A Scarlet Macaw’s Lessons in Honesty
February 21, 2016
A quick review of Dogs of All Nations, 1915
February 21, 2016

A Reader’s Comments

A while ago, I received an email from a reader who took issue with my opinion re: Jean Donaldson’s teaching her dog Buffy to hump her leg on command. I have received many emails on that one, to be sure, with some people practically jumping up and down in their defense of Jean’s choice, others thanking me for speaking out. It surely touched a nerve, and I still can’t help thinking that if it had been a different trainer, and it had been a man or a male dog, folks might have had a very different response.

But this one particular email stuck with me because it had such a disturbing notion within it. After telling me they used to be a big fan of my work, the author wrote:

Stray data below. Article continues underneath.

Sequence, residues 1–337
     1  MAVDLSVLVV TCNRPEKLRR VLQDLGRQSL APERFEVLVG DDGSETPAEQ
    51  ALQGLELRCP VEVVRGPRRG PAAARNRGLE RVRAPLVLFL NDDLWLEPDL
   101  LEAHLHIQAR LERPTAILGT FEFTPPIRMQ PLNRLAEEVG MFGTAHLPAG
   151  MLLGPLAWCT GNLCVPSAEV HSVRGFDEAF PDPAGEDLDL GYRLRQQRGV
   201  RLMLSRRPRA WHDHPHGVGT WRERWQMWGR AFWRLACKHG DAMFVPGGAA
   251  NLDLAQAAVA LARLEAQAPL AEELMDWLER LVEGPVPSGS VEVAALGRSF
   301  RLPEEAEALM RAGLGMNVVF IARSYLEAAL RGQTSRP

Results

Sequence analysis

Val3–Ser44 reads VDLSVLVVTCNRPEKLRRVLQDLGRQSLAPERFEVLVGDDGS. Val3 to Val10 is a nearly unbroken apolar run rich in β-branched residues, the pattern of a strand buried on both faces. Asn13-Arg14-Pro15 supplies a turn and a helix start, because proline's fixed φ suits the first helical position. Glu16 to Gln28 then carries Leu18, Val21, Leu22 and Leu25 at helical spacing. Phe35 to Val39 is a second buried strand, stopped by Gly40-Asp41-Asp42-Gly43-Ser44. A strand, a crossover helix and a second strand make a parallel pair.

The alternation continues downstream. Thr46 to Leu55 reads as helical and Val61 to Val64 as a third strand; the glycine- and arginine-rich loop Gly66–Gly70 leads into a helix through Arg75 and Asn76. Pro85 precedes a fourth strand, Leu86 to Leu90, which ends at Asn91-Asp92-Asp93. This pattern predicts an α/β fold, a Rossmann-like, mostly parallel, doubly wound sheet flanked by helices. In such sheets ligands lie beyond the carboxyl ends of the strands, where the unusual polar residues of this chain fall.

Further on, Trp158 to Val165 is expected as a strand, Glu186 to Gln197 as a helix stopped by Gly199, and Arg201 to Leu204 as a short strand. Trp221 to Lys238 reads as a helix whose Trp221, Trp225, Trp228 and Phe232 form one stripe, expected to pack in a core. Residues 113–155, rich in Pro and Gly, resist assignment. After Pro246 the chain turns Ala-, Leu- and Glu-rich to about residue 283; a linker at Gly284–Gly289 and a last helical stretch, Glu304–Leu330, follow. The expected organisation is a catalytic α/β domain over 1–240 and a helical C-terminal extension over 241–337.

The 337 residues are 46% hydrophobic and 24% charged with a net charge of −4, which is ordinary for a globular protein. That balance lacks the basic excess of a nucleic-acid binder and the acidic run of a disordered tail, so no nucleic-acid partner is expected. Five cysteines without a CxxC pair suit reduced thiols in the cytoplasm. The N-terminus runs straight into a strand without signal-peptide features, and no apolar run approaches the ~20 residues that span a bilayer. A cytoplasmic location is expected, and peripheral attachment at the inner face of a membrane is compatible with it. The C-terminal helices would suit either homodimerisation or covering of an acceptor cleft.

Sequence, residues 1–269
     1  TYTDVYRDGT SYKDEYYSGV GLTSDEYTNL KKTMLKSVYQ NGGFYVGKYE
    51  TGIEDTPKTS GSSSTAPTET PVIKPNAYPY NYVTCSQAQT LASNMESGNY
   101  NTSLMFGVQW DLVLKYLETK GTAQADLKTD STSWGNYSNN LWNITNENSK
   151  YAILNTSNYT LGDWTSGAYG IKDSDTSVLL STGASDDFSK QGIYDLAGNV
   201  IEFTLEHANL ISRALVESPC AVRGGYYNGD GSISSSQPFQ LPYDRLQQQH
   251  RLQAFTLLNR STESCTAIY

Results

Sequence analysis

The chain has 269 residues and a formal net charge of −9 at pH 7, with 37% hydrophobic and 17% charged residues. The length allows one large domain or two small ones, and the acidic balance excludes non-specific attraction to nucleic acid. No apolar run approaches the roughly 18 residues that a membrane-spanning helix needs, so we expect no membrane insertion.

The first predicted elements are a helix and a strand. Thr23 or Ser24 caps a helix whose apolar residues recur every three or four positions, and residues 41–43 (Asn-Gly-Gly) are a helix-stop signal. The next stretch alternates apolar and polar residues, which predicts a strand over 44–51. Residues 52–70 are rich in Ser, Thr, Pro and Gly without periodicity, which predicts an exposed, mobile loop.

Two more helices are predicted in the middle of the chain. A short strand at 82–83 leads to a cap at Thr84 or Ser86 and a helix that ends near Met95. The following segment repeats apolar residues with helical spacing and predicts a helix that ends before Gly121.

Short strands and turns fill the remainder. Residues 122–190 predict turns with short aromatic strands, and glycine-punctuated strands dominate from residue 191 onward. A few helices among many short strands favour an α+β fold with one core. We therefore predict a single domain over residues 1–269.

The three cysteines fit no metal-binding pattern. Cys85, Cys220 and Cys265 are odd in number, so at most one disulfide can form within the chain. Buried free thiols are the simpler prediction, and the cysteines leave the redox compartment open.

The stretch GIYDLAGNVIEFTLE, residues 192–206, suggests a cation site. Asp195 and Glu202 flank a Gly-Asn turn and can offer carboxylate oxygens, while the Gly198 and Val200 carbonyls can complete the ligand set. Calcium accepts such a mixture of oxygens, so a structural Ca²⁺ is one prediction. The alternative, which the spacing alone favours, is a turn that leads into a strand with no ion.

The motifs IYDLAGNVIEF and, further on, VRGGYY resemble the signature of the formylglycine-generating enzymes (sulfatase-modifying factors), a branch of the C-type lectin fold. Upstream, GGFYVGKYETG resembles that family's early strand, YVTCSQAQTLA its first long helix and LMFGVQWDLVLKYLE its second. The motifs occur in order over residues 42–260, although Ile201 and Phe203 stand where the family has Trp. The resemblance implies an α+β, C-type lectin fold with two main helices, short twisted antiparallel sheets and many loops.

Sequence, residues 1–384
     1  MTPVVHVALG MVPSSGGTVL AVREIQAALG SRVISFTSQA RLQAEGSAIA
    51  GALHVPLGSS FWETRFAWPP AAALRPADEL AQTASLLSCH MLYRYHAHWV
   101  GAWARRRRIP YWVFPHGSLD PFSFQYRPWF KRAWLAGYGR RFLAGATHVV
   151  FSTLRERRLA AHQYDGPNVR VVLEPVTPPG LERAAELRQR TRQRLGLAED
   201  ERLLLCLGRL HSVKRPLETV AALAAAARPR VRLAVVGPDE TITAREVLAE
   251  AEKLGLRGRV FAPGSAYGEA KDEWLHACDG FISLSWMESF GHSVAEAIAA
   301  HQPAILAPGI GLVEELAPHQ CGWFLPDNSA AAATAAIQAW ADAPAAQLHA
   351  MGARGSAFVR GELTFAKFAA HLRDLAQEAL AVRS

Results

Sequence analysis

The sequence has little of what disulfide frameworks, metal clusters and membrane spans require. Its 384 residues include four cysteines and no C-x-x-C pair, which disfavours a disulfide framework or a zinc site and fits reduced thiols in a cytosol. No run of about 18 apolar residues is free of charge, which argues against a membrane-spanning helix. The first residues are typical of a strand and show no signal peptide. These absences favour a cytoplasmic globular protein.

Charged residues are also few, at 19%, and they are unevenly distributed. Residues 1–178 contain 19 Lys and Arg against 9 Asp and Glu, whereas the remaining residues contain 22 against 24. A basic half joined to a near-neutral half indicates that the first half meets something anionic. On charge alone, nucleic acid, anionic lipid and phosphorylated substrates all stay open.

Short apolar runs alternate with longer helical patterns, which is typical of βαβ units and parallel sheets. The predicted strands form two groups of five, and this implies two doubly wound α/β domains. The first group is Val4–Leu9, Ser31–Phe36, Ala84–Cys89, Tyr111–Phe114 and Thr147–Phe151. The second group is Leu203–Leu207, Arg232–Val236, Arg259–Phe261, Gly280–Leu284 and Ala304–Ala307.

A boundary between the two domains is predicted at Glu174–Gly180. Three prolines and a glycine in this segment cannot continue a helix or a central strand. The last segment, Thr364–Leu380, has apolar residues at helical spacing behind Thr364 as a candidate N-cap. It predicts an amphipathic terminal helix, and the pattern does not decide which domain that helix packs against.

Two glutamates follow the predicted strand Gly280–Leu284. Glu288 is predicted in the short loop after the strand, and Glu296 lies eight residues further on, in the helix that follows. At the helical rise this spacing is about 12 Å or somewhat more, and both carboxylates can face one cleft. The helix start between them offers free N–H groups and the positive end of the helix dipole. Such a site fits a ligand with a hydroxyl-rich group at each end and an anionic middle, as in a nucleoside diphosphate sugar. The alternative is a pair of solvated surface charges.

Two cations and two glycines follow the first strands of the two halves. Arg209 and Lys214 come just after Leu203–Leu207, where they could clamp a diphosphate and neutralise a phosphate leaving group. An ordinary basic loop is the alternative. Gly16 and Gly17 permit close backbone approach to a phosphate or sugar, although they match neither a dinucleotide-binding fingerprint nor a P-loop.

Once you have contributed as much to dog training as Ms Donaldson has, then you can be as critical and judgmental as you are.

That is quite an interesting thought. At what level of experience, expertise, “contribution” or “is one entitled to note that the Emperor has an interesting wardrobe?” If I remember the story correctly, it was indeed a child who pointed out what the adults refused to see: the Emperor was naked. Not a wardrobe expert.

This world would be a very sad place — indeed, it often is a very sad place — if the only ones who could speak up and say, “I think this is wrong” were ones who somehow earned the right to do so by contributing “enough.”

Stanley Milgram’s work on our obedience to authority comes to mind. When someone in authority says X, Y or Z, a large percentage of the population will accept directions from that person, even to the point of committing appalling acts. There is a smaller percentage who says, “No.” Not based on having equal authority, which is what the author of the email implies I needed to make my comments, but based on an internal compass.

When we set the actions of some as beyond reproach by anyone but their superiors or peers (and I consider myself neither with regards to Jean), the Emperor is set free to make some very poor wardrobe choices and not be held accountable. That never will work for me. But that’s me. Your mileage may vary.